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Great White Fleet: USS Kearsarge (BB-5)

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Great White Fleet: USS Kearsarge (BB-5)

USS Kearsarge (BB-5)

Photograph Courtesy of the US Naval History & Heritage Command

USS Kearsarge (BB-5) - Overview:

  • Nation: United States
  • Type: Battleship
  • Shipyard: Newport News Shipbuilding
  • Laid Down: June 30, 1896
  • Launched: March 24, 1898
  • Commissioned: February 20, 1900
  • Fate: Sold for scrap, August 9, 1955

USS Kearsarge (BB-5) - Specifications

  • Displacement: 10,470 tons
  • Length: 375 ft., 4 in.
  • Beam: 72 ft., 3 in.
  • Draft: 23 ft., 6 in.
  • Propulsion: 2 x vertical triple-expansion steam engines, 2 x propellers
  • Speed: 16.8 knots
  • Complement: 555 men

Armament

  • 4 × 13 in. guns
  • 4 × 8 in. guns
  • 14 × 5 in. guns
  • 20 × 6-pounder guns
  • 8 × 1-pounder guns
  • 4 × .30 in. machine guns
  • 4 × 18 in. torpedo tubes

  • USS Kearsarge (BB-5) - Design & Construction:

    Designed as a follow-on to the earlier Indiana-class (USS Indiana, USS Massachusetts, and USS Oregon), the Kearsarge-class of battleship was intended for coastal defense. Consisting of two ships, USS Kearsarge (BB-5) and USS Kentucky (BB-6), the new class featured four 13 in. guns mounted in twin turrets. This armament was supplemented by four 8 in. guns contained in twin turrets which were situated atop the 13 in. turrets. Additional firepower was provided by fourteen 5 in. and twenty 6-pounder guns. Powered by two vertical triple-expansion steam engines, the class' armor utilized the Harvey process which made it thinner but stronger than that on its predecessors.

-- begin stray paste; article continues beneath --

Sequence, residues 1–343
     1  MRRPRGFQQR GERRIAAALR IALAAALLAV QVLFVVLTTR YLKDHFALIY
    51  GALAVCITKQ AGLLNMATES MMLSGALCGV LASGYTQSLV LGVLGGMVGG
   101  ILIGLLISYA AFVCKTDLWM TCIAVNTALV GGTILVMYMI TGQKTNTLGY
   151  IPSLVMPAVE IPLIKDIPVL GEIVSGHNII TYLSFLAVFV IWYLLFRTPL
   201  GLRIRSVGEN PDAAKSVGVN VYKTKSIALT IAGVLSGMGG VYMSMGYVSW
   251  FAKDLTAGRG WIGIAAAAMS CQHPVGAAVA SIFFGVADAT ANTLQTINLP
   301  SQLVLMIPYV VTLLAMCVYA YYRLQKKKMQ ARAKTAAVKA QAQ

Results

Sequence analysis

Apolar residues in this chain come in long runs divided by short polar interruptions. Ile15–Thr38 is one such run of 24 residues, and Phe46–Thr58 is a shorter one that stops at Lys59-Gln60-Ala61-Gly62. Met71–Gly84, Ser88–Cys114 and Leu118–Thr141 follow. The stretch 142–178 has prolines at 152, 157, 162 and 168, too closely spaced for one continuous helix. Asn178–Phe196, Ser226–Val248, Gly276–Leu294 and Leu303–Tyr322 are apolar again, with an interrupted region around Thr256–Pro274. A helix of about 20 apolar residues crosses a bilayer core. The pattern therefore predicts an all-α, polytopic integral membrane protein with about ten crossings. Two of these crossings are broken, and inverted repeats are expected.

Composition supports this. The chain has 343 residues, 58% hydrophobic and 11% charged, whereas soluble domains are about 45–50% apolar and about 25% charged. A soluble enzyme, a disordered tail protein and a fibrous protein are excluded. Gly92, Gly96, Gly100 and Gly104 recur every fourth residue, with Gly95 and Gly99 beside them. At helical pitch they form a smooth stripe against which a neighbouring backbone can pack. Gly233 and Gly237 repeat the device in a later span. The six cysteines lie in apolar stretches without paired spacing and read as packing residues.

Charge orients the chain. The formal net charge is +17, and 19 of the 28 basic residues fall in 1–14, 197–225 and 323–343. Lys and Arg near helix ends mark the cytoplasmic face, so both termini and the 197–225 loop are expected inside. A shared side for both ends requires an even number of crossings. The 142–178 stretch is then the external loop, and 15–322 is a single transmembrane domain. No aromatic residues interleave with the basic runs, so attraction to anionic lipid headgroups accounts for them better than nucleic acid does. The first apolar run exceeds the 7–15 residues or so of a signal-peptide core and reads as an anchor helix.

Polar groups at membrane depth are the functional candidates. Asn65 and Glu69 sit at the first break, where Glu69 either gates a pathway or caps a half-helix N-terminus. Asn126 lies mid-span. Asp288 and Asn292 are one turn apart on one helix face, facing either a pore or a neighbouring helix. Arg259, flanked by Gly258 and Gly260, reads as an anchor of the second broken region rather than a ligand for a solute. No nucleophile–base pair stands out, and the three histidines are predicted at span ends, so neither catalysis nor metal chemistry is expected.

Authorized on March 2, 1895, the contract for Kearsarge and Kentucky's construction was awarded to the Newport News Shipbuilding and Dry Dock Company in Virginia. Laid down on the same day, June 30, 1896, construction of the two vessels proceeded in parallel. Named for the Civil War screw sloop of the same name which defeated CSS Alabama, Kearsarge slid down the ways on March 24, 1898 with Elizabeth Winslow serving as sponsor. Work progressed on the battleship as the Spanish-American War raged and it reached completion in 1900. Commissioned on February 20, Captain William M. Folger assumed command.

    USS Kearsarge (BB-5) - Early Service:

    Becoming the flagship of the North Atlantic Squadron, Kearsarge operated along the East Coast and in the Caribbean for the next three and a half years. In June 1903, the battleship commenced a brief tenure as flagship of the European Squadron during which time it was visited by Kaiser Wilhelm II and the Prince of Wales (future King George V). Returning to the United States, Kearsarge resumed its role with the North Atlantic Squadron and was present when American forces took possession of Guantanamo Naval Reservation in Cuba. In March 1905, USS Maine (BB-10) supplanted the battleship as flagship of the squadron. The following year, Kearsarge suffered an accident while cruising off Cuba when a powder charge exploded killing ten.

    USS Kearsarge (BB-5) - Great White Fleet: